Quote:
As an interrogative pronoun it is always pronounced with a flat a, and we only pronounce the /ð/ if we have lots of time.

Hard fact to miss: judging by the difference between what is written and what is actually pronounced, you Danes must be one of the busiest people in the world... :D

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Iversen
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 Message 14 of 16
22 August 2014 at 3:20pm | IP Logged 
The reason I call some uses of "hvad??" interjective is that you don't really except any answer, you just express your amazement. And that's what interjections are used for - expressing a sentiment in a blunt way without much grammatical embellishment. But you can still retain the interpretion of it as an interrogative pronoun, so I just wrote "interjective", I didn't flatly declare that it had become an interjection.

The translations "eh?", "didn't you?" and "right?" are not wrong, but less common. For exemple you might say "hvad" with a slightly confounded expression if you didn't quite hear something. The speaker would then mostly get the hint and repeat it. "Eh" (or more likely: "øh") could be used in the same way.

The translation "right" is different because it doesn't express surprise. And in some cases "right" would actually be the most reasonable translation, as in: "Og du troede bare du kunne komme her og sætte dig i min bedste stol, hvad?" (or some other kind of preposterous behaviour). It basically means "and now I'm stating my version of something preposterous thought I think you have, and you are just supposed to confirm my suspicion". The tone here would normally be fairly sarcastic.


I don't know whether we Danes are very busy. Maybe we are just lazy bums.

I'm also not sure whether I already have quoted the following sentence here, but in the old times Jutish people were said to be particularly parsimoneous with their language. So they could for instance say "a æ å æ ø i æ å" (jeg er på øen i åen - where 'æ' no. 2 and 3. are a prepositioned article like English "the", while no. 1 means "am"). This sentence means "I'm on the island in the river".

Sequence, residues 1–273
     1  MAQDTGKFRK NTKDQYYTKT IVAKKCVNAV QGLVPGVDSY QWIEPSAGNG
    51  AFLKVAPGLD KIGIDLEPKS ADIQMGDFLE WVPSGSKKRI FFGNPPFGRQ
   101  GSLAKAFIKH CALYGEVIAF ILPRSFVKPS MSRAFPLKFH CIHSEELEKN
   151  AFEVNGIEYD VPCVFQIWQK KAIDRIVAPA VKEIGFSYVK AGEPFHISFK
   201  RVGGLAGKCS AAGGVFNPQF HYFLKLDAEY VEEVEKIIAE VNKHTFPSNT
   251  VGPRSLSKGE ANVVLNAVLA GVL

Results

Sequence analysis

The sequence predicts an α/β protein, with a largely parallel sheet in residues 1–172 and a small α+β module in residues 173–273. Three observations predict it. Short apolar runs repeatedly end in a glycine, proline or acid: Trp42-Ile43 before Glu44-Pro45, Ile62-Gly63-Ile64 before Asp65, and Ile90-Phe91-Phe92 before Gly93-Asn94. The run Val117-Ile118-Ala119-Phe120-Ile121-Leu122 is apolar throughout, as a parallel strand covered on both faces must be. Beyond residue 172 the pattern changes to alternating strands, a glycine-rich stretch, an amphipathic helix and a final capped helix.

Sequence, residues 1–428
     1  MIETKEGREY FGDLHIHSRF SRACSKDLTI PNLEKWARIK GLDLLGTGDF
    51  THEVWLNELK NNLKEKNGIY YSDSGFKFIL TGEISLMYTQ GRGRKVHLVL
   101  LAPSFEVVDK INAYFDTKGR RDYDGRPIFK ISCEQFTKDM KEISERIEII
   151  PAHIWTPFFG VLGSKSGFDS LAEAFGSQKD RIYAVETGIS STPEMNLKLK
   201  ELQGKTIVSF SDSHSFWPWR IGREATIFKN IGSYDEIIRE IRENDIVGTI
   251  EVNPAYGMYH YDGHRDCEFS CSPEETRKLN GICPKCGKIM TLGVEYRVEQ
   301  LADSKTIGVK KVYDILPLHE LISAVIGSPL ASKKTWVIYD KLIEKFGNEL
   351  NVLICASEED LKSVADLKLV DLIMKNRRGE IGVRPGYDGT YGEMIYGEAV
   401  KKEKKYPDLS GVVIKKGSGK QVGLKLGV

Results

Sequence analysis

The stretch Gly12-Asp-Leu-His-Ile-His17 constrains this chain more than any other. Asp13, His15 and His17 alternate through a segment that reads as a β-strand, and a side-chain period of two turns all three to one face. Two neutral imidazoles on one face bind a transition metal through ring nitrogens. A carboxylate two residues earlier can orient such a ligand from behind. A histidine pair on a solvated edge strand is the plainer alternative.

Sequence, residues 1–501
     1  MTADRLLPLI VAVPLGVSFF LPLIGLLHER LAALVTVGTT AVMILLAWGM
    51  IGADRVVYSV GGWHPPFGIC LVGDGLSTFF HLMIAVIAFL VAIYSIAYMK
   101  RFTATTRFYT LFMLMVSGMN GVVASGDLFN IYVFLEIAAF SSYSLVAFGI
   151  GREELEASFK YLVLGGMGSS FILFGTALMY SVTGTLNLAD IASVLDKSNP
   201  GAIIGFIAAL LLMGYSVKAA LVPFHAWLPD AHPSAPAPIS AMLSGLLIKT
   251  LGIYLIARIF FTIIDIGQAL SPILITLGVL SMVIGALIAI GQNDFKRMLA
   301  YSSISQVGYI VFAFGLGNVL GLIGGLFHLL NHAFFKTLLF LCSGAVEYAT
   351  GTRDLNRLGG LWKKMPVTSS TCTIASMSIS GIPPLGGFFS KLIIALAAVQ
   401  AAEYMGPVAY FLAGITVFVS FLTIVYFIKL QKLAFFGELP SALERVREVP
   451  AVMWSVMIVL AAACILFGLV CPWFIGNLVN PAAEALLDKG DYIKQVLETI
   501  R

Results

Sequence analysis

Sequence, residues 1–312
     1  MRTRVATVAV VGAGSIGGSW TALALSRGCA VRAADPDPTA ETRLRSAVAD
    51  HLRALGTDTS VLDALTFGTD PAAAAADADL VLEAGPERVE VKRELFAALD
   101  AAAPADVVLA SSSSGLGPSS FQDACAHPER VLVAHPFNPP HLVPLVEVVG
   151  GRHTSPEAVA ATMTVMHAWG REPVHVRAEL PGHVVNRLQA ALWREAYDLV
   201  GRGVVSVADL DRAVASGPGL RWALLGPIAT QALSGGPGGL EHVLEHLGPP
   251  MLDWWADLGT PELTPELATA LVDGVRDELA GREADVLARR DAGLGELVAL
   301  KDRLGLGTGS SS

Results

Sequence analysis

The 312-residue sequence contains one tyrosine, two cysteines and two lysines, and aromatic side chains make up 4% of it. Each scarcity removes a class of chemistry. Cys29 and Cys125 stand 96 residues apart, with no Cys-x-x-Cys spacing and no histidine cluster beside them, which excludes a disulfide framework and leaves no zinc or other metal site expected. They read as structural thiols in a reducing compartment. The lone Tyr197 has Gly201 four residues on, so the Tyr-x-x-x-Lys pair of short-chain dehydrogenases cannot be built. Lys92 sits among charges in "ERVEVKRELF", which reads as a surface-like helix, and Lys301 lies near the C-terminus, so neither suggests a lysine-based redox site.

Edited by Iversen on 22 August 2014 at 3:29pm

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RadinaM
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 Message 15 of 16
24 August 2014 at 8:54pm | IP Logged 
@Iverson, precious insights, as usual. Got curious to hear that old Jutish, but couldn't find much. Possibly the closest I got was around minute 3:40 in this video: https://www.youtube.com/watch?v=yrRWg53pgqw. :)

Another phrase with udråbsord ikke from the series, but with the different question:

Du regner vel med at du skal have sagen tilbage, ikke?

I know the translation goes something on the lines of "You (for sure?) expect to...", but I couldn't find satisfying words for the regner vel med part, in none of online and offline dictionaries. In exchange I did stumble on a different, but very useful, phrase:

jeg må vel ikke tale lidt med dig?
could I speak to you for a moment?

As a cherry on the top of our previous conversation, while searching for the meaning of roddræbende kemikalier, I realized that even a Danish person may tumble over how certain words are pronounced. Read more in this blog post, very appropriately called Den som dræber ordet : http://kommakommunikation.blogspot.com.es/2011/03/den-som-dr ber-ordet.html

I will definitely be coming back to that blog, thank universe for Google Translate... ;)

Edited by RadinaM on 24 August 2014 at 8:58pm

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Iversen
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 Message 16 of 16
24 August 2014 at 10:12pm | IP Logged 
du regner vel med at få sagen tilbage = you probably count on getting the papers back


A couple of Youtube videos in Jutish dialects: Jeppe Aakjær (read by Benny Jeppesen) and his best known song "Skuld gammel Venskab Rejn Forgo (you may know the melody from "Auld lang syne").

I don't know whether the link functions outside Denmark, but there is a dialect quiz named "Sprogblomster" on Radio Midtvestjylland. The participants (from left) come from North Jutland, Western Jutland, Southern Jutland, Bornholm, Lolland and Samsø, which lies between Jutland and Zeeland. Another quiz: open the main page of the same station, choose "Net-TV" and write "Æ" in the search field ("Søg"). All participants here are from Jutland, but the quiz master speaks Standard Danish (like the quiz master) - else "ka' de der køwnhavner ikk forstå det". Howwver the judge speaks a Jutish dialect (for instance he says "en ord")

Edited by Iversen on 24 August 2014 at 10:27pm